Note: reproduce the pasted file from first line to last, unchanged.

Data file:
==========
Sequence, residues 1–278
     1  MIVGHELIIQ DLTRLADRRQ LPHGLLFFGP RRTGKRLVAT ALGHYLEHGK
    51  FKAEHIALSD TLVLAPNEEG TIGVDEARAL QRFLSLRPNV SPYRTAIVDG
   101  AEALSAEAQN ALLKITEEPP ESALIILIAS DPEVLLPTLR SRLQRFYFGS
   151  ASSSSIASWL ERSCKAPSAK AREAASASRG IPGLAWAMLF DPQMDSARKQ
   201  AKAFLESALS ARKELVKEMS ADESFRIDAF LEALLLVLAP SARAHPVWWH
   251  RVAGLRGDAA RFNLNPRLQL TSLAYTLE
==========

Sequence, residues 1–278
     1  MIVGHELIIQ DLTRLADRRQ LPHGLLFFGP RRTGKRLVAT ALGHYLEHGK
    51  FKAEHIALSD TLVLAPNEEG TIGVDEARAL QRFLSLRPNV SPYRTAIVDG
   101  AEALSAEAQN ALLKITEEPP ESALIILIAS DPEVLLPTLR SRLQRFYFGS
   151  ASSSSIASWL ERSCKAPSAK AREAASASRG IPGLAWAMLF DPQMDSARKQ
   201  AKAFLESALS ARKELVKEMS ADESFRIDAF LEALLLVLAP SARAHPVWWH
   251  RVAGLRGDAA RFNLNPRLQL TSLAYTLE